We Can’t Ignore the Link Between Health and Chronic Absenteeism
June 21, 2016
By Rochelle Davis, HSC President + CEO
Earlier this month, the U.S. Department of Education’s Office for Civil Rights released a report containing truly alarming data regarding the rising rates of chronic absenteeism—missing 10 percent or more of school days—among students in schools across the country. Chronic absenteeism has historically been blamed on truancy or a chaotic home life, but research shows that one of the primary causes of chronic absenteeism is health disparities in students. While health-related chronic absenteeism can affect students of any background, its most devastating impact is felt by students who face health disparities, poverty and other challenges in attaining school success. Research shows that these are the same students who benefit most from being in school.
The link between health and chronic absenteeism can no longer be ignored. The bottom line is this: Our students are failing academically because they don’t have access to health and wellness practices and policies in their schools, such as clean indoor air, attention from school nurses to treat chronic illness such as asthma and time for physical activity. These are the resources that every child needs to succeed. Our nation’s efforts to provide a quality education to all children are threatened by startling rates of chronic absenteeism.
The statistics are distressing: Research shows that children who are chronically absent in kindergarten and first grade are much less likely to be reading at grade level by third grade; in turn, students who are not reading at grade level by third grade are four times more likely to drop out of high school. We cannot let this happen. We as a nation can do better.
After 15 years of the No Child Left Behind act, we have reached a new crossroads with the latest educational bill currently being discussed in Congress: the Every Student Succeeds Act, or ESSA. This policy not only addresses the educational disparities among various student populations, but has made the effort to work with numerous organizations and stakeholders to gather and implement recommendations on how to better address chronic absenteeism and its inextricable link to health and wellness in schools. We have the opportunity to make significant changes to current education policy, but we can only accomplish this if we take on these challenges head on, together.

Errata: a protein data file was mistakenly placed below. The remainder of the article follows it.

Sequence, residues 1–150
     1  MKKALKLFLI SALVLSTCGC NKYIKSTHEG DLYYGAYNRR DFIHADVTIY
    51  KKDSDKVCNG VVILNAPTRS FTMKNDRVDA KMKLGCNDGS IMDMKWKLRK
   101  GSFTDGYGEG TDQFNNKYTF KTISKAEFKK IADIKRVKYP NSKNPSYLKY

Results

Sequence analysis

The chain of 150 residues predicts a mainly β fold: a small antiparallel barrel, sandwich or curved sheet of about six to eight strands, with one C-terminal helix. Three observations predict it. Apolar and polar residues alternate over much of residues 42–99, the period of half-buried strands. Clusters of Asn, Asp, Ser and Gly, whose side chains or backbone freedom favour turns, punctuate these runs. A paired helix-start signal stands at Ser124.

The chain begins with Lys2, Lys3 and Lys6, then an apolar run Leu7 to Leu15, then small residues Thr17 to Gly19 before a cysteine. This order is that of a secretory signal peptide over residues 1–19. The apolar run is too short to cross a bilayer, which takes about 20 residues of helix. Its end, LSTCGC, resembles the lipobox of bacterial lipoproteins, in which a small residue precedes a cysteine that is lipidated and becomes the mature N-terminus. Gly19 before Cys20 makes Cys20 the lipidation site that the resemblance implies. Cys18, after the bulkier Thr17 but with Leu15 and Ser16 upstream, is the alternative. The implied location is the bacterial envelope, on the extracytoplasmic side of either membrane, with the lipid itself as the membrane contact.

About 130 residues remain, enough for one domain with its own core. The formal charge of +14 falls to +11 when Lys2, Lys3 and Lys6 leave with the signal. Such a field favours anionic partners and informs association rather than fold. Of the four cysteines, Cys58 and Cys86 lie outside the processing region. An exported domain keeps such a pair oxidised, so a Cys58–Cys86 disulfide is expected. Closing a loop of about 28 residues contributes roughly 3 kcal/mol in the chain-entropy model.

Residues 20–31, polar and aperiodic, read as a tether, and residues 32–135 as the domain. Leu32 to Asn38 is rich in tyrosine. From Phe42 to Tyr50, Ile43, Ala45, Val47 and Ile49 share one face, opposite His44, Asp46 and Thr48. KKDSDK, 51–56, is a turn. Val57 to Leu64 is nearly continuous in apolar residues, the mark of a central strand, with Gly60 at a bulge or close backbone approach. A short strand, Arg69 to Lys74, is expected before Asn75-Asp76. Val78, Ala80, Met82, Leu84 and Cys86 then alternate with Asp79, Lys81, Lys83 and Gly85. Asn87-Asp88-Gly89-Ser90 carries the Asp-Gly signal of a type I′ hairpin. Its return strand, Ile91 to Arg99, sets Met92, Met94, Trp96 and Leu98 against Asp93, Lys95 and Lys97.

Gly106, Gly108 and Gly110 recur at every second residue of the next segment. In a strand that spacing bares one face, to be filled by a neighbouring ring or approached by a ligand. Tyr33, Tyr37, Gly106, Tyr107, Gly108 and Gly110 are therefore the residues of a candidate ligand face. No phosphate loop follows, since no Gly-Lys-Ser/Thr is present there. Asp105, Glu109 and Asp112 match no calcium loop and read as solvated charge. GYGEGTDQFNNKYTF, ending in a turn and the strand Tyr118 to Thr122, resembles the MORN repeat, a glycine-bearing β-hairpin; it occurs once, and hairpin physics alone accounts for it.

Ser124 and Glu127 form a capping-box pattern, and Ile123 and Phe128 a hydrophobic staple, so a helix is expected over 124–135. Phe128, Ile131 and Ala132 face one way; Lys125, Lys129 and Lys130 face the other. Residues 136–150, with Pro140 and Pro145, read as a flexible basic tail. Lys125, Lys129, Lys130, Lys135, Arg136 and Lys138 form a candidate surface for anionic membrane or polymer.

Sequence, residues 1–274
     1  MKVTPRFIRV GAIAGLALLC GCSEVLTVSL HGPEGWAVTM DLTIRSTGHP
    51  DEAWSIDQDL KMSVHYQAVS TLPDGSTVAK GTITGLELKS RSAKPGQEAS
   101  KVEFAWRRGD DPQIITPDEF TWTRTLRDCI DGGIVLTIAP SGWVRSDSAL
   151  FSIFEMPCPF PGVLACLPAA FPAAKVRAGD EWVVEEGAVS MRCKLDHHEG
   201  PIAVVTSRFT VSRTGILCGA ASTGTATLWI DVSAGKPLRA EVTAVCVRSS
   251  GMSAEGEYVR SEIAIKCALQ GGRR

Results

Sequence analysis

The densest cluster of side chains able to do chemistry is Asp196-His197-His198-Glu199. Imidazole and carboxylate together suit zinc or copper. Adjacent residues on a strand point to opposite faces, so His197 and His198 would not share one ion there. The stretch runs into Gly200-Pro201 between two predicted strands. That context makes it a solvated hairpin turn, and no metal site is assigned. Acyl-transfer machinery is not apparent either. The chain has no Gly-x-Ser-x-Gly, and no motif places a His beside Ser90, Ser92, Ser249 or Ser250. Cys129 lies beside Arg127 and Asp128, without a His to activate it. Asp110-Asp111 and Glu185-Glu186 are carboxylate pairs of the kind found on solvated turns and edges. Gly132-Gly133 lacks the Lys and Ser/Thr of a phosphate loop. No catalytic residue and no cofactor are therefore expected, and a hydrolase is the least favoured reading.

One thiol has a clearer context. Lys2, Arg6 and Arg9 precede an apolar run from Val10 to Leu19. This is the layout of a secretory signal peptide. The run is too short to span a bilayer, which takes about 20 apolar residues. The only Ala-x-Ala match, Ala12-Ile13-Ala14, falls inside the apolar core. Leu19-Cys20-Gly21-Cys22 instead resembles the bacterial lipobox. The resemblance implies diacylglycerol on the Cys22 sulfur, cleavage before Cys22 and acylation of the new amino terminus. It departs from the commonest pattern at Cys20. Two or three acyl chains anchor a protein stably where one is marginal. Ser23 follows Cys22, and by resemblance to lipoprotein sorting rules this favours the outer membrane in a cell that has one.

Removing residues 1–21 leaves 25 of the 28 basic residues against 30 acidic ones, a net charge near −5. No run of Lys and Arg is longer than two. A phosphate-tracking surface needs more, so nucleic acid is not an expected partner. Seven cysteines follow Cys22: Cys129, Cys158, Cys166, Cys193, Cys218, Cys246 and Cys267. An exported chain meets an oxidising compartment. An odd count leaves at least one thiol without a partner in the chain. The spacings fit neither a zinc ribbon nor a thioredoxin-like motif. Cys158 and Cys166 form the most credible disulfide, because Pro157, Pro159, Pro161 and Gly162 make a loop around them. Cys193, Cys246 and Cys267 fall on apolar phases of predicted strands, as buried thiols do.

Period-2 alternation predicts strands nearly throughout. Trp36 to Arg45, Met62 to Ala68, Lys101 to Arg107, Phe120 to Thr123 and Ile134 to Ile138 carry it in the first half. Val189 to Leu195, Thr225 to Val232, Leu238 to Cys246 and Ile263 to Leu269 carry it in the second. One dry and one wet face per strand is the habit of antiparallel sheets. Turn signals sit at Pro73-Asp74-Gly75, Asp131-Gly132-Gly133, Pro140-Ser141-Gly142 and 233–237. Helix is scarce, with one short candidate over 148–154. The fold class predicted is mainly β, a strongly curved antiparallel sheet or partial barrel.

The research has been done, but it is up to organizations at the state, district and community level to use the data as a catalyst to make change that will ensure each and every child in the United States can be present for school day every day, and learn the skills that will set them up for a successful future. Under ESSA, states are now required to include chronic absenteeism on their state report cards. As a result, it is important to provide states and districts with guidance on how to implement effective solutions, which is why we created a toolkit to assist school districts in understanding their student health needs, sharing best practices to address the most prevalent student health conditions and on how to build partnerships with others to support students, families and communities.
With ESSA, with the focus on chronic absenteeism and with the resources and information we finally have access to, we are now poised to effect change. Our children are depending on us, and we cannot let them down.